Tissue Plasminogen Activator (tPA): What You Should Know
What is tPA?
tPA is a drug that dissolves blood clots. It is used to help reduce the effects of a stroke.
What type of stroke is tPA used for?
tPA is used to treat ischemic strokes which are caused by blood clots. The blood clot is formed in one part of the body and then travels to a smaller blood vessel in the brain. It blocks the blood flow to that part of the brain. Close to 80% of all strokes are ischemic. For strokes of this nature, tPA can help dissolve the clot quickly.
When is tPA used?
In 1996, the U.S. Food and Drug Administration (FDA) approved the use of tPA to treat stroke in the first three hours after the onset of symptoms. It is now considered acceptable to treat stroke in certain people up to 4 ½ hours after the symptoms start. This means that if you think you are having a stroke get help right away. If given promptly, tPA can reduce the effects of stroke and reduce damage.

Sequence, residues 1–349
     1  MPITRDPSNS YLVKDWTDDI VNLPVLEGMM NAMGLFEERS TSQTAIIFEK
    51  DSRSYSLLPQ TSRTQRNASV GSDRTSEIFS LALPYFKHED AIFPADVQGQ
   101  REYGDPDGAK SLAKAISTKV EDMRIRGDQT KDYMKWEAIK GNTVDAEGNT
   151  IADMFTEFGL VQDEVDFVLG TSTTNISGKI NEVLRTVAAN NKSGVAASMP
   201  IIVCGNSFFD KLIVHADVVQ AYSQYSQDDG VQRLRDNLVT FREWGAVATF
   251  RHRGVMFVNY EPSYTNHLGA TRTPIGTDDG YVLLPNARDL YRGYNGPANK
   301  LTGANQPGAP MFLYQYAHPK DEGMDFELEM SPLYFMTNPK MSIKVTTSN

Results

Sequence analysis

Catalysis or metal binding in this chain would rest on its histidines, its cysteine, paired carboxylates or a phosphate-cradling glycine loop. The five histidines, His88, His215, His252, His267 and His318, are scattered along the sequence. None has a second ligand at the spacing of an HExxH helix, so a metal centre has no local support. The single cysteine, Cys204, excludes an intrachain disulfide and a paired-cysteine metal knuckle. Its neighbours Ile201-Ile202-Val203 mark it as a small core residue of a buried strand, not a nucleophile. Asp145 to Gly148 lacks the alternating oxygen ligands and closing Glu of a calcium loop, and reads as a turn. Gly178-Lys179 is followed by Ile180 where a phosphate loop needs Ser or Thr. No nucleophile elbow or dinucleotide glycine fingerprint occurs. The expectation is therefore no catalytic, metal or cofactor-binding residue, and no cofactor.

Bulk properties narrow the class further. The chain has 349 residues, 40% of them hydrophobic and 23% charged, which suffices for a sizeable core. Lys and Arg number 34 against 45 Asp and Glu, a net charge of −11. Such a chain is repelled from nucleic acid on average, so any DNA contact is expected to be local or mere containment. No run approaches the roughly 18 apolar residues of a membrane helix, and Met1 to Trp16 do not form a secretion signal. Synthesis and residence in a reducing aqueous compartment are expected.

Can everyone use tPA?
No. You may not be able to receive tPA if you have:
- Recent heart attack
- Head trauma within the last three months
- Blood in your stools or urine within the last 21 days
- Surgery within the last 14 days
- Bleeding problems
- Use of blood thinners, such as Coumadin®
- High blood pressure
What are the risks of tPA?
Bleeding is the most common risk. The bleeding can occur in the brain or elsewhere in the body.
The information provided should not be used during any medical emergency or for the diagnosis or treatment of any medical condition. A licensed physician should be consulted for diagnosis and treatment of any and all medical conditions. Call 911 for all medical emergencies. Any duplication or distribution of the information contained herein is strictly prohibited.
Last Updated: 08/26/2011
Copyright © 08/26/2011 University of Wisconsin Hospitals and Clinics Authority. All rights reserved. Produced by the Department of Nursing. HF#5828
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